Musings of a Dinosaur

A Family Doctor in solo private practice; I may be going the way of the dinosaur, but I'm not dead yet.

Wednesday, August 29, 2007

Grand Theft Patient

She started coming to me because she didn't like the impersonal care at the Enormous Group Practice that dominates at the hospital, though she likes the hospital because it's close to home. All she was taking was Synthroid and aspirin.

Until I sent her to the ER with new-onset A-fib.

Two months later -- not a word from anyone in the meantime -- she comes back with a med list that includes two antiarrhythmics, warfarin, a diuretic and FSM knows what else. What happened? Is she in sinus or A-fib with a controlled rate? Who's managing her anticoagulation? What about those new skin lesions on her arm? Drug rash or something else?

It's the oldest story in the world.

When she presented to the ER, they already had her in their computer as an EGP patient. Never mind that she (and her daughter) specifically told them I was her doctor now. Nope; once you're in that computer, you're theirs for life!

That doesn't stop me from calling over there, intending to politely chew them a new one. "The cardiologist isn't here today, and his nurse has Wednesdays off." (Damn; I should become a nurse.)

I do the best I can.

I'm pretty sure the skin lesions are hives, but they're awfully localized and really round, so I do a lyme test to be sure. I do a thyroid test because even though her TSH was fine two months ago, one of her new meds doesn't play well with Synthroid. They've been managing her Coumadin, so I don't mess with that for the moment. Her pulse is 48, but she's as impressively asymptomatic as she was when it was 150.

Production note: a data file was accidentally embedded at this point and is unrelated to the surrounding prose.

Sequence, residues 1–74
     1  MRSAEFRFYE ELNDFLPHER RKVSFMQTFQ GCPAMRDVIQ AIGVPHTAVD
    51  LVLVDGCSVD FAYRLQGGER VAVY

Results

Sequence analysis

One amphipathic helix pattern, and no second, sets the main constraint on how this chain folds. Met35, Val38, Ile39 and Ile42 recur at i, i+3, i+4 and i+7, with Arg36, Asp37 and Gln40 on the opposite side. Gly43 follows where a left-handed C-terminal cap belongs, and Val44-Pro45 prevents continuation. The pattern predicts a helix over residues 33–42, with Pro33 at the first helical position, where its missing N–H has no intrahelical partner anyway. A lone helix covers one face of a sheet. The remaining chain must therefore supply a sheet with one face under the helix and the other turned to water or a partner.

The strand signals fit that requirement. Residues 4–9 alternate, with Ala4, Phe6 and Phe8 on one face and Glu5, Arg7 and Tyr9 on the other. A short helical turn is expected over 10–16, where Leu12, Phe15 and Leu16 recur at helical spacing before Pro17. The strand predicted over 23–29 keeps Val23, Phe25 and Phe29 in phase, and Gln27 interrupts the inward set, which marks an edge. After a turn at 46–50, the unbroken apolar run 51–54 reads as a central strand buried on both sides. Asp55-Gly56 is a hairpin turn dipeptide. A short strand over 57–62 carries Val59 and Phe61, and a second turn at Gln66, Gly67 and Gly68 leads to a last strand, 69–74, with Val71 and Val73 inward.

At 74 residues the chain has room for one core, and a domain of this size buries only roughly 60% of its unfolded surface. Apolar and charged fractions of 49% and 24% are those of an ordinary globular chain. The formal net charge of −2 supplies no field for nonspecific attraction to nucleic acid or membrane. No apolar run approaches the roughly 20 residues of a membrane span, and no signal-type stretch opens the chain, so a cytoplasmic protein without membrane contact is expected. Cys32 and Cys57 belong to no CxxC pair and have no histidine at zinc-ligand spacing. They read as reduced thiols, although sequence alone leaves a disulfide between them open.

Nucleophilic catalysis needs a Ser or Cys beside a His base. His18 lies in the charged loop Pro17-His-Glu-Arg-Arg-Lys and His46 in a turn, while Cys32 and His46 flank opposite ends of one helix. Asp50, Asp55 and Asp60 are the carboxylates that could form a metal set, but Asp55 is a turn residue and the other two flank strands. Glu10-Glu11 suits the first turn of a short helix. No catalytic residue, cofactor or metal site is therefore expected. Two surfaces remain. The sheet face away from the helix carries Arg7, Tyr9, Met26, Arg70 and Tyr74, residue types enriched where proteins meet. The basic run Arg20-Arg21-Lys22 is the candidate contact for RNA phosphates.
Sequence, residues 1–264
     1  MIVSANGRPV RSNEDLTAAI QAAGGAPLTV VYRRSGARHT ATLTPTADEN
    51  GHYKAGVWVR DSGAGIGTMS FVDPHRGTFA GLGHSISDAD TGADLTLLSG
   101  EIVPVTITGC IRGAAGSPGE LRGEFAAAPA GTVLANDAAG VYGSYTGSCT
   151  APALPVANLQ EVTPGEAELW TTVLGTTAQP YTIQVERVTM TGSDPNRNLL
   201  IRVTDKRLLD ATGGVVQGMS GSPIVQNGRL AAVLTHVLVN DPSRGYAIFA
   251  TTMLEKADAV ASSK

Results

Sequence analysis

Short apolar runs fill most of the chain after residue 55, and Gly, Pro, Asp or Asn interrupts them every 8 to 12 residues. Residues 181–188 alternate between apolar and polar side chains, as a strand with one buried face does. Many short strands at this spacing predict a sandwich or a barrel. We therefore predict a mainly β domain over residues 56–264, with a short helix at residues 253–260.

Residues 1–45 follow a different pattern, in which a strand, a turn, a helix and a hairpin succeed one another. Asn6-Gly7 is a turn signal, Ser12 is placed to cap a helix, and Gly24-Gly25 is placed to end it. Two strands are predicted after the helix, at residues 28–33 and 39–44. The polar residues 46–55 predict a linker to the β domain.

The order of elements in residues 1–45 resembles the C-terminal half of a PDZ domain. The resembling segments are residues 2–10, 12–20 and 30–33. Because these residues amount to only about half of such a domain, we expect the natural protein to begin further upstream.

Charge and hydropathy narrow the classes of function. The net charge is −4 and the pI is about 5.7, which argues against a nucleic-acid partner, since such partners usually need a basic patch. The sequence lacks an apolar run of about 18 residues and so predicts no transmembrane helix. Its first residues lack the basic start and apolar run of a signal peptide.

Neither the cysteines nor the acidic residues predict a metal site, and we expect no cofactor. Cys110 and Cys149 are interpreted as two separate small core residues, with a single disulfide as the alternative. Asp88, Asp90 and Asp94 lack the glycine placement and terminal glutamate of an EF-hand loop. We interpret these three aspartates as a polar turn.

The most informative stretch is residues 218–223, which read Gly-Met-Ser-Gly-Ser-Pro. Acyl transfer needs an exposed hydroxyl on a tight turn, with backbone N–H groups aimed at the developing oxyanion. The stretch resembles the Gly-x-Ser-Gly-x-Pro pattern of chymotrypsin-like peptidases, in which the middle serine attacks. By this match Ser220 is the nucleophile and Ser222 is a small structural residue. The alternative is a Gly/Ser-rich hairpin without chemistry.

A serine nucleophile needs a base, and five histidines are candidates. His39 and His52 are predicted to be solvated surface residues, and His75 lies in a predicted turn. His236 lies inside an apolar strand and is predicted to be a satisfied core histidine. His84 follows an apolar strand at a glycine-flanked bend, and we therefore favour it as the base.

Finally (2 days later) the cardiologist calls back. He's so sorry, but they already had her in their computer as one of their patients, so he didn't worry about it. Next time I should call and they'll be sure to keep me in the loop. (I did call the ER when I sent her over. How many more times should I call?) He was very sorry, though. By now I have her negative lyme test and have adjusted her Synthroid. Has he seen any strange drug rashes lately? No, not really. He's no help, but he's very sorry about the mixup.

My only real recourse is to "vote with my feet" by not sending patients to this hospital anymore. Unfortunately, medical care has more in common with real estate than anyone like to admit: location, location, location. When patients don't want to travel, I'm stuck. So I just have to suck it up and go calling around to get discharge information.

Ah well. Now I have to go track down what happened to the guy I sent over for a stress test who wound up in the ER.

7 Comments:

At Wed Aug 29, 11:37:00 AM, Blogger Lynn Price said...

Whoa, Dino, how scary is THAT? We patients are under the impression docs all talk to each other in order to keep us medically safe and sound. If this ever happens to me (God forbid), I'll be sure to scream like a bloody banshee that they contact my doc.

 
At Wed Aug 29, 12:34:00 PM, Anonymous tom said...

I think Abbot and Costello where predicting the future of communication in medicine when they came up with their routine "Whose on first?".